Increased Nrf2 activation in livers from keap1-knockdown mice Increases expression of cytoprotective genes that detoxify electrophiles more than those that detoxify reactive oxygen species

Scott A. Reisman, Ronnie L. Yeager, Masayuki Yamamoto, Curtis D. Klaassen

Research output: Contribution to journalArticlepeer-review

121 Citations (Scopus)

Abstract

Nuclear factor erythroid 2-related factor 2 (Nrf2) is a transcription factor critical for protection against electrophilic and oxidative stress. In a recently engineered mouse with knockdown of kelch-like ECH associated protein 1 (Keap1-kd mice), the cytosolic repressor of Nrf2, there is a 55% decrease in Keap1 mRNA and a 200% increase in Nrf2 protein in liver. Experiments with Nrf2-null mice have demonstrated the effects of a lack of Nrf2. However, little is known about the biological effects of more Nrf2 activation. Accordingly, the hepatic phenotype of Keap1-kd mice, as well as the hepatic mRNA expression of cytoprotective genes were compared among wild-type, Nrf2-null, and Keap1-kd mice. Three distinct patterns of hepatic gene expression were identified among wild-type, Nrf2-null, and Keap1-kd mice. The first pattern encompassed genes that were lower in Nrf2-null mice and considerably higher in Keap1-kd mice than wild-type mice, which included genes mainly responsible for the detoxification and elimination of electrophiles, such as NAD(P)H:quinone oxidoreductase 1 and glutathione-S-transferases (Gst), and multidrug resistance-associated proteins. The second pattern encompassed genes that were lower in Nrf2-null mice but not increased in Keap1-kd mice, and included genes, such as epoxide hydrolase-1, UDP-glucuronosyltransferases, aldehyde dehydrogenases, as well as genes important in the detoxification of reactive oxygen species, such as superoxide dismutase 1 and 2, catalase, and peroxiredoxin 1. The third pattern encompassed genes that were not different among wild-type, Nrf2-null, and Keap1-kd mice and included genes such as glutathione peroxidase, microsomal Gsts, and uptake transporters. In conclusion, the present study suggests that increased activation of hepatic Nrf2 is more important for the detoxification and elimination of electrophiles than reactive oxygen species.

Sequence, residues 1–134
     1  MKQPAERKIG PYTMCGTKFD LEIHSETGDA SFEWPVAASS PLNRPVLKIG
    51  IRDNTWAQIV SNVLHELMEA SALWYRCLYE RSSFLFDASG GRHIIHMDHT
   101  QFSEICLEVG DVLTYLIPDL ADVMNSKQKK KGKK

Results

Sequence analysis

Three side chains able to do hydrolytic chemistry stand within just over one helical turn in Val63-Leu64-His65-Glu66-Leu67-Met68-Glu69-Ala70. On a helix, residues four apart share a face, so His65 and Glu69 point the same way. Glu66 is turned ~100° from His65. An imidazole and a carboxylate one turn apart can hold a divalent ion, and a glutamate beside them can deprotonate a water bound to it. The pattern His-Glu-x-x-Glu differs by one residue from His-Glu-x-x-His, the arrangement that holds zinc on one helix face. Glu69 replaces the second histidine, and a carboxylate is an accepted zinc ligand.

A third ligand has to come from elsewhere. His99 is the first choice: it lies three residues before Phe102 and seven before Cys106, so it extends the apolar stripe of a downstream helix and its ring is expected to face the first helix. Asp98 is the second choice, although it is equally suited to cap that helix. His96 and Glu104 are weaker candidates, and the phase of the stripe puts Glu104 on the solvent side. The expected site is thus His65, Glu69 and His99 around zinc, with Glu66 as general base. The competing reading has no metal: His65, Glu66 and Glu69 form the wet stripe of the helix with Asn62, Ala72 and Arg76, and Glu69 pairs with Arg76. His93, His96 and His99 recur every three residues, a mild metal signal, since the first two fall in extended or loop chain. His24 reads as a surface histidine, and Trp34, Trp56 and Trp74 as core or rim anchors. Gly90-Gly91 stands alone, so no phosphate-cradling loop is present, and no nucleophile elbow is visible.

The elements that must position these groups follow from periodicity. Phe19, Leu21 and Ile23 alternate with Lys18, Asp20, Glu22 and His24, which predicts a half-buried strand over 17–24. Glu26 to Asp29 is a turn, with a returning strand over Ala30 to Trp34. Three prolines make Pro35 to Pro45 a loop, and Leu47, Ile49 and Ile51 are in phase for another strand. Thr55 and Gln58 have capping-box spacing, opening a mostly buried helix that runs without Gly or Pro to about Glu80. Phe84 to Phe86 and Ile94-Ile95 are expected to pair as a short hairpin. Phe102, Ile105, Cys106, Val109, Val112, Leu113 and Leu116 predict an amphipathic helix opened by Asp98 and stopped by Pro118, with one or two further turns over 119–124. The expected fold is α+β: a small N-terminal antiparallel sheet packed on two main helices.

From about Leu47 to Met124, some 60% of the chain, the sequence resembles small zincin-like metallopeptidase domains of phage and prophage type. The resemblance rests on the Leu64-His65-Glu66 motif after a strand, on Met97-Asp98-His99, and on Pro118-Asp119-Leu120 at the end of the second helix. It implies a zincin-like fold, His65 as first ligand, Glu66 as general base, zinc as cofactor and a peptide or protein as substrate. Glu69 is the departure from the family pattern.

Original languageEnglish
Pages (from-to)35-47
Number of pages13
JournalToxicological Sciences
Volume108
Issue number1
DOIs
Publication statusPublished - 2009

Keywords

  • Cytoprotection
  • Electrophilic stress
  • Nrf2
  • Oxidative stress

ASJC Scopus subject areas

  • Toxicology

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